After they were tried and found guilty for the murder of three young, 8-year-old boys in West Memphis, Arkansas, Damien Echols, who was 18 years old at the time, was sentenced to death and spent the past 18 years on death row; Jessie Misskelley, Jr., who was 17 years old, was sentenced to life imprisonment plus an additional forty years and Jason Baldwin, just 16 years old at the time, was sentenced to life imprisonment.
One of the factors that made me so emotional from the very first time I ever heard of the West Memphis Three is that I saw so much of my teenage-self in them; a feeling that a great deal of other supporters have acknowledged as well. When I was 13 and 14 years old, I was beyond fascinated by the Salem Witch Trials (still am), and I had begun learning about as many different religious beliefs as I possibly could, including Wicca. The practice of becoming educated on the many different religious affiliations and beliefs that are out there in the world is what predominantly led to my now strongly-held staunch atheist beliefs. But at the time, up until I was 17 years old, I was a black clothes and fishnets-wearing teenage girl with knee-length, ass-kicking black boots, arms that were filled with black jelly bracelets up to my elbows and more black eyeliner on my face than what many probably have in their makeup collections. If these three teenagers could face murder charges and be convicted based mostly on the fact that the system had labeled them as the “town freaks”, surely I could have gone through the same ordeal; as could anyone who illustrated the same qualities in their teenage years.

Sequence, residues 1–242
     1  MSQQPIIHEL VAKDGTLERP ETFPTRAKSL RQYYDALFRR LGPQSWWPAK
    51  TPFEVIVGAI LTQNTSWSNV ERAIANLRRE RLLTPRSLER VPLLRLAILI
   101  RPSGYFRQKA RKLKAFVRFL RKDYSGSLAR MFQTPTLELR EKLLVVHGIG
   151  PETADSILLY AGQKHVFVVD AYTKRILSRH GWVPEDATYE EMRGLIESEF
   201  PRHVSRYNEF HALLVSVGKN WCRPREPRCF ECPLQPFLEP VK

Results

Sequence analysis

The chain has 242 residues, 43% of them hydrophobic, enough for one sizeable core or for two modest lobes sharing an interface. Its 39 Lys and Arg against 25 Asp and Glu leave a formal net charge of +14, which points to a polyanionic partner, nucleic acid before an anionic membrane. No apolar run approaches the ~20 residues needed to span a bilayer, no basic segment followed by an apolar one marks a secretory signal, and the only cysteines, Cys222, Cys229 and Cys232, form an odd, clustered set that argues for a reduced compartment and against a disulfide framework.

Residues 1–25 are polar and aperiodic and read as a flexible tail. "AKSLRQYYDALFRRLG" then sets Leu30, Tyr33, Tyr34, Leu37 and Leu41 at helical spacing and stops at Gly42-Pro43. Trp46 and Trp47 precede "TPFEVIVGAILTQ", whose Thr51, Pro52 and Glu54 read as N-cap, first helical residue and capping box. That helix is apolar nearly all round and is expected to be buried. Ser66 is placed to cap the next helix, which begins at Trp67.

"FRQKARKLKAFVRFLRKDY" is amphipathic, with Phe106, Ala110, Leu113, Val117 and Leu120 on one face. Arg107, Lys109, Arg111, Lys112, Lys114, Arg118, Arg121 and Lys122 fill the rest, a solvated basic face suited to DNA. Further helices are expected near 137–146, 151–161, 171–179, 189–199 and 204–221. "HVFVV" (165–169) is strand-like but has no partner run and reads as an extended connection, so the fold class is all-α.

That these men are finally able to go home after 18 years is amazing, but how they were made able to walk out of those prison doors is disgraceful both to the state of Arkansas, as well as to the entire justice system.